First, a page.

We received a question from a reader who found some skinny, dried-out worms, or what might be worms, in her house. The reader is especially perplexed about her present case because she is finding the worms (or whatever they are) on the second floor of her house. She offers several possible explanations, and asked us to weigh in on the matter, which basically amounts to asking us if we know how worms get into houses in general.
The reader’s email is quite detailed and filled with interesting suggestions, so we’ll quote her in full:
ATTENTION: GET PARASITE HELP NOW! At All About Worms we get a lot of questions about skin parasites, blood parasites, and intestinal parasites in humans. Because we can't diagnose you, we have put together this list of doctors and labs who understand and specialize in dealing with parasites in humans! That resource is HERE
“I am finding what looks like dried up dead worms (dark brown/black about 2” long and very thin maybe 1/8” or less) along the baseboards of my bedroom ON THE SECOND FLOOR underneath a shelf where we moved some containerized plants indoors. However, we noticed the “worms” before the plants were moved into the house. I can understand how some worms that were in the potted plants may have crawled out, but can’t understand how any worms got upstairs before the plants did. My gutters are overflowing with debris…is it possible that worms living in the gutter are coming into the house? Another possibility is something has gotten into my “attic space” and is getting into the living areas and leaving fecal matter…but I do not know of any creatures that have waste that is long and skinny and looks like a dried up worm. Have had to block several holes woodpeckers made through my cedar siding…could they have introduced worms into the walls?”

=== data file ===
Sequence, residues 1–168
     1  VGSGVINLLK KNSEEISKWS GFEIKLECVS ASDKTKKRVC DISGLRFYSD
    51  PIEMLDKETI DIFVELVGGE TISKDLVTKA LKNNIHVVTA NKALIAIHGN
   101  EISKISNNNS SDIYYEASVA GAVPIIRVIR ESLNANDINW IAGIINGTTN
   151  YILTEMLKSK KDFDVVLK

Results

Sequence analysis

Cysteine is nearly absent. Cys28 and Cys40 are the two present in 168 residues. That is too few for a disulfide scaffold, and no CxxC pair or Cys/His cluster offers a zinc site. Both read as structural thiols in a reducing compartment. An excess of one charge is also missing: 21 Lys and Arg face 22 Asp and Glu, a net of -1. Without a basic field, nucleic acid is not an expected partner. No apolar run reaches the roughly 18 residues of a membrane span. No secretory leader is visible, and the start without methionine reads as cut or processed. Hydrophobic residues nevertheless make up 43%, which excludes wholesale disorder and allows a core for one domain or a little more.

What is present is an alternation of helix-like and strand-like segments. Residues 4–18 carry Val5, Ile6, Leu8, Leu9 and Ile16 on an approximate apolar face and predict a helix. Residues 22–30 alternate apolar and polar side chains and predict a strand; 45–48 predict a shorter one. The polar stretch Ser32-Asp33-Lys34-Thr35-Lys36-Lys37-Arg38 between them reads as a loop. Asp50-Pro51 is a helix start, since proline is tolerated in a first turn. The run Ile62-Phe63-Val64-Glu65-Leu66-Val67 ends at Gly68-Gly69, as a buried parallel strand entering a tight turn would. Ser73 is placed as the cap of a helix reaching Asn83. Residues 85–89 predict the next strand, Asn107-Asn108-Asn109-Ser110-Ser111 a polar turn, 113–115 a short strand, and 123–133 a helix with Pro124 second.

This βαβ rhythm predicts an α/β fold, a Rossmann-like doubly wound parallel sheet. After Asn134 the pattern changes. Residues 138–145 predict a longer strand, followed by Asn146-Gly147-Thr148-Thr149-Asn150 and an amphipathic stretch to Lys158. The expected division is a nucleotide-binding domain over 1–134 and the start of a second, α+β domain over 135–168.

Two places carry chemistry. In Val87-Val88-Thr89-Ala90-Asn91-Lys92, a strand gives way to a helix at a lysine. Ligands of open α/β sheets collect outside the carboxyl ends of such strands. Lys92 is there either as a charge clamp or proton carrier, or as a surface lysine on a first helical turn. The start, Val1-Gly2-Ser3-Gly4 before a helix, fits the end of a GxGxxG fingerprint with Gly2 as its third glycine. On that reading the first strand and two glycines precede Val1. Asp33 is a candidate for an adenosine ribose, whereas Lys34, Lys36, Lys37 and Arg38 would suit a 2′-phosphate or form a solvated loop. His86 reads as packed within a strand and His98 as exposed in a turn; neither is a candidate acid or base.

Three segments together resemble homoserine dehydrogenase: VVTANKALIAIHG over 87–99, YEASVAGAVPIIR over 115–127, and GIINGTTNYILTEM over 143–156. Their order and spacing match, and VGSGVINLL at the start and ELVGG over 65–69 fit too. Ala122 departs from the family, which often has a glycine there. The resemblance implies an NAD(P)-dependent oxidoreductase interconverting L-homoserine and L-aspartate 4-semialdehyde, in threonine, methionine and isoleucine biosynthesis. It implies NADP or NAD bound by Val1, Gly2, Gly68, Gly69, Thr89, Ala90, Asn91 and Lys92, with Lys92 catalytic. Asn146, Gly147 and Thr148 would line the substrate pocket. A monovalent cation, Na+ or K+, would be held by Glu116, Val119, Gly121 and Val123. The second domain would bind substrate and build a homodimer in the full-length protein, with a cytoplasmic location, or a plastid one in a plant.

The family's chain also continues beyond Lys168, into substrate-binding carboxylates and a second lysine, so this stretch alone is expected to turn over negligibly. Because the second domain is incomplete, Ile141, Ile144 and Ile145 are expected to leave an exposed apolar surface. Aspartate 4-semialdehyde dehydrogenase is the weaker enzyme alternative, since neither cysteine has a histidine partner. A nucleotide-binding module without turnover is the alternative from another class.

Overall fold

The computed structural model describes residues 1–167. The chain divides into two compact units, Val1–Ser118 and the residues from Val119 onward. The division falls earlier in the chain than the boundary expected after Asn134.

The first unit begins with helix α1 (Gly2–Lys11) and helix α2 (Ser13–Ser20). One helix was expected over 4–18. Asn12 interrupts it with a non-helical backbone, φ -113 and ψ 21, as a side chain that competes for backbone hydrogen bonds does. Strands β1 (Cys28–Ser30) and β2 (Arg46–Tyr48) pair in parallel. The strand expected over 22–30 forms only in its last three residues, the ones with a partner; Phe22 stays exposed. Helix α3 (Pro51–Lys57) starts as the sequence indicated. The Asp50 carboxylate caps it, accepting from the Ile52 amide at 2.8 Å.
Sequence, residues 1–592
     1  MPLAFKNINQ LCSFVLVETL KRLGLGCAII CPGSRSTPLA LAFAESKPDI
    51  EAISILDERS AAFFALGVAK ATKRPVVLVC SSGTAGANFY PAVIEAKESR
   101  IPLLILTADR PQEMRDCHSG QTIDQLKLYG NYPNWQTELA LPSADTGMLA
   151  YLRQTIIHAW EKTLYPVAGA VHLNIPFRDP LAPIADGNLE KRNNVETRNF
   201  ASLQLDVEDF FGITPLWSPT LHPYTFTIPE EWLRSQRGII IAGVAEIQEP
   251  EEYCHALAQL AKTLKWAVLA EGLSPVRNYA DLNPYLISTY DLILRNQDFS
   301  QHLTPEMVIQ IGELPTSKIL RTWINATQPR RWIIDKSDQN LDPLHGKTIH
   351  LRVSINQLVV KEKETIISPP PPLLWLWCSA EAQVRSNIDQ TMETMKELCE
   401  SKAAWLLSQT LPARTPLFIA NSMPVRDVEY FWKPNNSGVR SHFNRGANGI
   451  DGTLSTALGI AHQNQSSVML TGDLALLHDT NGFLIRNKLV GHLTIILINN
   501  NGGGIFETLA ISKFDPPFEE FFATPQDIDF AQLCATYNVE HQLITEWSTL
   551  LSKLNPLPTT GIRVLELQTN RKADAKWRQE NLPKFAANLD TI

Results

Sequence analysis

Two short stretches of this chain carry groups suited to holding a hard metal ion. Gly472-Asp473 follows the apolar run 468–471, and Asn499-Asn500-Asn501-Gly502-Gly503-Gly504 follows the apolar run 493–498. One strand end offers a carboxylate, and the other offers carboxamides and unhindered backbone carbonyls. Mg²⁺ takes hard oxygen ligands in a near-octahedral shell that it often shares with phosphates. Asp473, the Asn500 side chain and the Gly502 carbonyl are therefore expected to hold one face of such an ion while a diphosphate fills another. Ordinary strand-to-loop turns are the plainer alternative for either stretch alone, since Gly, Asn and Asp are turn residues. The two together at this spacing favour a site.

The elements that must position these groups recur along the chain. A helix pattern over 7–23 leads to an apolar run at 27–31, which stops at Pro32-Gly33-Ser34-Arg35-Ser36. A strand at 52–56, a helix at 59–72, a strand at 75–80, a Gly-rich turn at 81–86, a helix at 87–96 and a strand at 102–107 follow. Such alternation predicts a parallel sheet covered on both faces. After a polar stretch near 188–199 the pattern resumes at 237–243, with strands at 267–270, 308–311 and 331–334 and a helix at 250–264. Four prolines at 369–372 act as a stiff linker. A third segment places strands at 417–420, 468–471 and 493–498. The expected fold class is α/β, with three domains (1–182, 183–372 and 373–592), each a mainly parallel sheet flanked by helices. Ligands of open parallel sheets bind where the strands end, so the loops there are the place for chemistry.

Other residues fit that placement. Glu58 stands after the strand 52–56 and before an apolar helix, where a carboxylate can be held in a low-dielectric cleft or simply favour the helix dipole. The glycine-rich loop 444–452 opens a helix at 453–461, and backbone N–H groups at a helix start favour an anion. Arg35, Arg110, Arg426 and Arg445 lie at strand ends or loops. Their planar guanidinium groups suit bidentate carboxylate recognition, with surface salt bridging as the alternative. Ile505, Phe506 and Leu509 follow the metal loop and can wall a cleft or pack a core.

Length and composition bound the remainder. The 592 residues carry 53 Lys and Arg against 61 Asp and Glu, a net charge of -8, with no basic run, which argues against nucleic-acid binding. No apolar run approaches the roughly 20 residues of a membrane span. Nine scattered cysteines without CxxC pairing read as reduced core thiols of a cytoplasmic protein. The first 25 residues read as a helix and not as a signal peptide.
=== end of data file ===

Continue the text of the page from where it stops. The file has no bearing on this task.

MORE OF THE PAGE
Above all else, it would helpful to have a picture of the creatures in question, considering that the reader’s suggestions run from worms to bizarrely shaped fecal matter. The creature’s provenance, as it were, is also uncertain – they could be coming from any number of different places, and they could be getting into the house any number of different ways. Basically, given what we know, essentially everything our reader said could be true, or it could be a combination of what she said.
Consider this scenario: we have heard of people finding earthworms in their gutters, which, when packed with composting leaves (as is the case with our reader’s gutter), is actually a fairly good place for an earthworm to live. How they get up to the gutter in the first place is uncertain, but it isn’t too hard to imagine certain scenarios. The beginning of earthworm life is fairly complicated, but basically they enter the world in tiny cocoons, and these could be carried unwittingly by birds, squirrels, and other creature onto leaves that fall into gutters, or directly into gutters themselves. Once there, the worms could reproduce, creating a self-perpetuating colony of earthworms that could potentially make their way into a home – through an open window, say, or maybe even through holes made by woodpeckers. Unless a house is immaculately sealed – and with windows, doors, cracks in the foundation, and so on, this is basically impossible – things are going to get in, and not only on the ground floor. Earthworms are not a particularly common household pest, but they might have found their way into our reader’s house, especially if there was some source of moisture around the baseboards, where the worms were found.
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This is of course just one (highly speculative) scenario, and we could have spun up others. We use it to illustrate that a whole range of explanations is possible for our reader’s situation, and the range in this case is particularly broad since we don’t have any image to work from. So, unfortunately, we can’t offer our reader anything definitive, but maybe we’ve at least initiated a promising line of inquiry.